Original Post Date: Tuesday, November 2, 2010  After some recent meetings with clients I am sensing some confusion on how to estimate software reuse. I think part of the problem is in the definition of reuse, so let's start with a definition and then address the estimating issue. Software reuse is defined as “the use of existing software, or software knowledge, to build new software.” This definition came from Wikipedia. From a estimating software costs perspective the above definition is part of the problem. The definition should read: "Use of existing software with no changes for operation in the new software program.”  If the existing software is going to be changed, ...
Original Post Date: Thursday, September 23, 2010 You need 3 things for your software estimates to be successful. And I will add a fourth one in after I talk about the first 3. 1. You need qualified and experienced people to generate the estimates. They have to know how to estimate and they have to understand what the problem is that the project is going to solve…..at least well enough to estimate it. This can be one person or many depending on the difficulty of the business area. The harder it is, the better having more brains look at the problem. But not to the point ...
Original Post Date: Tuesday, October 12, 2010 National Boss Day is quickly approaching! While October 16th is the actual day this year it will be observed on Oct 15th since the 16th falls on a Saturday and what boss wants to hear from his or her employees on a day off even to be showered with cards, flowers and accolades.  According to Barry Wood, Boss Day was started in 1958 when Patricia Bays Haroski of Deerfield Ill registered it as a special date with the US Chamber of Congress to honor her boss (who was also her father).  October ...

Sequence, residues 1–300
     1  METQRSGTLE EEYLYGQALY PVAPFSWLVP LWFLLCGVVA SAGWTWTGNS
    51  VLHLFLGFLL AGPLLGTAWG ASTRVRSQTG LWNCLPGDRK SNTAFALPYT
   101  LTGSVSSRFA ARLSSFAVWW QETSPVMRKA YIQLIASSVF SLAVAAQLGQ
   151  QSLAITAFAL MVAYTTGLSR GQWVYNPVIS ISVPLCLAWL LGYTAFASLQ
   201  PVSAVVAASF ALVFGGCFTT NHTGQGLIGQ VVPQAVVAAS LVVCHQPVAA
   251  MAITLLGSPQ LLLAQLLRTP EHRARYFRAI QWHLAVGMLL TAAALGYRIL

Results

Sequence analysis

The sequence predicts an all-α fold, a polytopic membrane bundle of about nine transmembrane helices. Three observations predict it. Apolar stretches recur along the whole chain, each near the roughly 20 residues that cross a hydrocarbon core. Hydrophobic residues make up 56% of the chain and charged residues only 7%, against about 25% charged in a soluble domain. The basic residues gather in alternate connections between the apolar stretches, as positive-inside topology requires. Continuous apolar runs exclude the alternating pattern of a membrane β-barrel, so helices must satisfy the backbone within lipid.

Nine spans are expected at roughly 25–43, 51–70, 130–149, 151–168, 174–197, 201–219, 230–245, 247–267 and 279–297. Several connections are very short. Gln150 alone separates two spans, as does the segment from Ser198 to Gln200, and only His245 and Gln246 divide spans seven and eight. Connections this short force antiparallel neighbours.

Original Post Date: Wednesday, October 6, 2010 Over the past several weeks several users have inquired about the best way to model legacy software that is being modified when estimating software costs. The software component within the TruePlanning Software model has an input parameter call “adapted Code Size.” This input parameter accounts for existing or legacy software that will be modified or changed to meet a new requirement. Tied with the size input parameter is Percent Design/Code/Test adapted. Although the model will calculate a percentage for each input, I would recommend that user’s analyze the calculate values and override the calculation where required. The percentage ...
Original Post Date: Wednesday, October 6, 2010 The key cost driver when estimating software costs is the size of the product. The problem is that there is no perfect technique available to measure and quantify the size of software. The two major techniques in use today are Source Lines of Code and Function Points.  Today we will talk about Source Lines or Code or SLOC. Source Lines of Code measures logical lines of code. It takes some of the uncertainty out of physical line of code measures by counting only complete statements (which can cross over more than on physical line). SLOC excludes comments and blank ...